Animals Australia exposes Egyptian slaughterhouses again

From ANIMAL PEOPLE,  May/June 2013:

Exposing a bloody business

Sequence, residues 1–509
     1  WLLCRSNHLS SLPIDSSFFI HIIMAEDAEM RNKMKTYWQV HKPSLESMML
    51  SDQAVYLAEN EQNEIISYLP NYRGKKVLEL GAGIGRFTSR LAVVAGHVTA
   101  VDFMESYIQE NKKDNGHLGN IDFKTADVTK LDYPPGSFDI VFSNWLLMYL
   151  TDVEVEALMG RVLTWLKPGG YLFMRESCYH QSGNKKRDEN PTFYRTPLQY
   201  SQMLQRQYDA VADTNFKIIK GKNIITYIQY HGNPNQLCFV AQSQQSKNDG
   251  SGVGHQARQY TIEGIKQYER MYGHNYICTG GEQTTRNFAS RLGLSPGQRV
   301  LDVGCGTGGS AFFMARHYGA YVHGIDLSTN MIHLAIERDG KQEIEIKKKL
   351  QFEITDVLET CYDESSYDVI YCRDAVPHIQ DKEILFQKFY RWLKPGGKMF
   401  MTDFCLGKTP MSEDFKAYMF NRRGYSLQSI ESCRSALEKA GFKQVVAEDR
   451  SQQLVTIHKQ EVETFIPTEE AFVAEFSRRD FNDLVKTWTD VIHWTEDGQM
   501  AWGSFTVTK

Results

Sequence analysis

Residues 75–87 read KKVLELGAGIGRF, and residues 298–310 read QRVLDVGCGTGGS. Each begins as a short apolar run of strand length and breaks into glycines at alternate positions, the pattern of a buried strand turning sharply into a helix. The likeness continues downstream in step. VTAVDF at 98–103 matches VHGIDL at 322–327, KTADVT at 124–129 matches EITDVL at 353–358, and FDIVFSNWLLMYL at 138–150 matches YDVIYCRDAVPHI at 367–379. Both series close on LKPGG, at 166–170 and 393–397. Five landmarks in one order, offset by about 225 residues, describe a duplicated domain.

CANBERRA––The latest Animals Australia undercover videos of slaughter at the two Egyptian slaughterhouses authorized to kill Australian cattle showed “outrageous cruelty” that “left me and my industry colleagues disgusted and horrified,”  Australian Livestock Exporters Council spokesperson Alison Penfold told media.   “We completely support and will assist the fullest possible investigations in both Egypt and Australia of how these events could be possible,  and how to stop a repeat of this behaviour,” Penfold pledged. Said the Australian Department of Agriculture,  Fisheries & Forestry in a prepared statement,  “Upon receiving allegations of animal mistreatment in Egyptian abattoirs on May 1,  DAFF urgently sought assurances about the proper handling of animals under the animal handling and slaughter Memorandum of Understanding with Egypt.  DAFF’s assessment of the footage presented is that the practices depicted were not compliant with international animal welfare standards.  There is currently a voluntary suspension of trade by exporters. There have been no consignments to Egypt since July 2012.” The cattle were shipped to Egypt in July 2012,  Penfold said,  but were not slaughtered upon arrival.  Animals Australia collected some of the slaughter footage in October 2012,  and more in April 2013.  About 3,000 Australian cattle were still awaiting slaughter in Egypt when the Animals Australia videos were released. Like video that Animals Australia obtained from the Bassetin slaughterhouse near Cairo in January 2006,  the new videos––including footage from both the Bassetin slaughterhouse and another at Ain Sokhna––show butchers gouging the eyes of cattle and slashing their leg tendons,  before crudely cutting their throats in a procedure falling far short of meeting the requirements for halal slaughter as prescribed by Islamic doctrine. Australian and Egyptian government representatives affirmed some of the alleged violations at Ain Sokhna.  “The management of the facility is implementing corrective actions to meet required standards,”  said DAFF. “Australian politicians and industry representatives have been quick to condemn the slashing of leg tendons,” acknowledged an Animals Australia statement.  “But they cannot express horror at tendon slashing and deem it unacceptable and not find equally unacceptable the slashing of a conscious animal’s throat.” Animals Australia investigator Lyn White,  a former police officer,  has since 2003 repeatedly directed undercover video operations that have documented mistreatment of Australian sheep and cattle,  as well as other livestock,  at facilities in Egypt,  Kuwait, Bahrain,  Oman,  the United Arab Emirates,  Qatar,  Jordan,  and Indonesia. Time and again Australia has suspended live exports of animals to the nations whose slaughter industries have been exposed.   Time and again the Australian government and the government of an animal-importing nation have promised to reform livestock handling and slaughter procedures. Time and again Andrew Wilkie,  an independent member of the Australian Parliament from Denison riding,  Hobart, Tasmania,  has introduced legislation meant to stop exports of live animals.  Introduced on May 13,  2013,  the latest Wilkie bill appears to have no more chance of passage than any of the others. But repeated failures by the Australian Department of Agriculture,  Fisheries & Forestry to ensure that exported sheep and cattle will be handled and killed according to international standards increasingly call into question whether past pledges of reform have been made in good faith,  and whether reform is even possible. Animals Australia contends that the only effective reform would be to replace live exports entirely with exports of frozen carcasses.  A succession of Australian governments have resisted this suggestion to keep live export market share: Australia leads the world in live animal exports to the Middle East and the Islamic nations of Southeast Asia. Historically,  nations which practice halal slaughter,  meaning slaughter as prescribed by Islamic law,  have insisted that only meat from animals slaughtered under supervision of their own imams would be culturally acceptable.  Frozen carcasses slaughtered according to halal rules in Australia would meet the religious requirements of Islam,  but animals have traditionally been slaughtered close to the time and place of consumption in most of the world,  not just the Islamic world,  due to lack of refrigeration.  Lack of refrigeration is still a problem in many of the nations to which Australia exports live animals,  but increasingly less so,  while frozen meat products have gained popularity. The major political issue behind the live export controversy at present may be the desire of importing nations to keep jobs in the slaughter industry. “The Australian government suspended trade with Egypt in 2006,”  recalled Dowling of the Melbourne Herald,  as result of White’s Bassetin slaughterhouse video, “and only lifted the ban after assurances from the Egyptian government that cattle would not be abused.” Two years after the 2006 suspension,  livestock exports from Australia to Egypt were re-authorized in May 2008.   The Wellard Rural Export vessel MV Ocean Shearer in February 2010 arrived in Egypt with the first livestock sent from Australia since the 2006 suspension.  In October 2010 the Australian Quarantine and Inspection Service confirmed that nearly 300 cattle out of 16,460 and 360 sheep out of 40,282 had died in transit. How the animals were treated after arrival in Egypt was disputed. White observed in November 2010,  however,  that Australian-introduced “reforms” in Kuwait were mostly ignored. “In the Shuwaikh abattoir,”  White recounted, “trussed and terrified Australian sheep were dragged up the ramp into the slaughterhouse right in front of a Ministry of Livestock Australia sign saying ‘don’t drag animals.’” Sold for individual slaughter at the Eid,  “Australian sheep were bound with wire and shoved into car boots,”  White continued,  “whilst others were dragged terrified on their stomachs amongst the dead and dying to have their throats cut.” White in March 2011 obtained video of abuses similar to those at Bassetin from eleven randomly selected halal slaughterhouses in Jakarta,  Bogor,   Bandar,  Lampung,  and Medan,  Indonesia.  Australian live cattle exports to those eleven slaughterhouses were suspended for 38 days,  and all Australian live exports were suspended for 30 days. Industry pressure to promptly resume exports to Indonesia was intense:  Indonesia purchases account for about 60% of the total Australian cattle export trade. But the biggest recent losses to the Australian live export industry were not caused by an exposé of cruelty. Bahrain in August 2012 rejected a cargo of 22,000 Australian sheep on arrival,  purportedly due to scabby mouth disease, a stress-related affliction similar to a human cold sore,  which often develops among sheep on shipboard. Leaving Bahrain,  the transporter sought unsuccessfully to unload the sheep in Kuwait,  but Kuwait would not accept them either.  After another failed attempt to leave the sheep in Bahrain,  the transporter left them in Karachi, Pakistan.  Having spent a month at sea,  the sheep were not released for sale in Pakistan,  either,  and were crudely massacred after six weeks of impoundment. —Merritt Clifton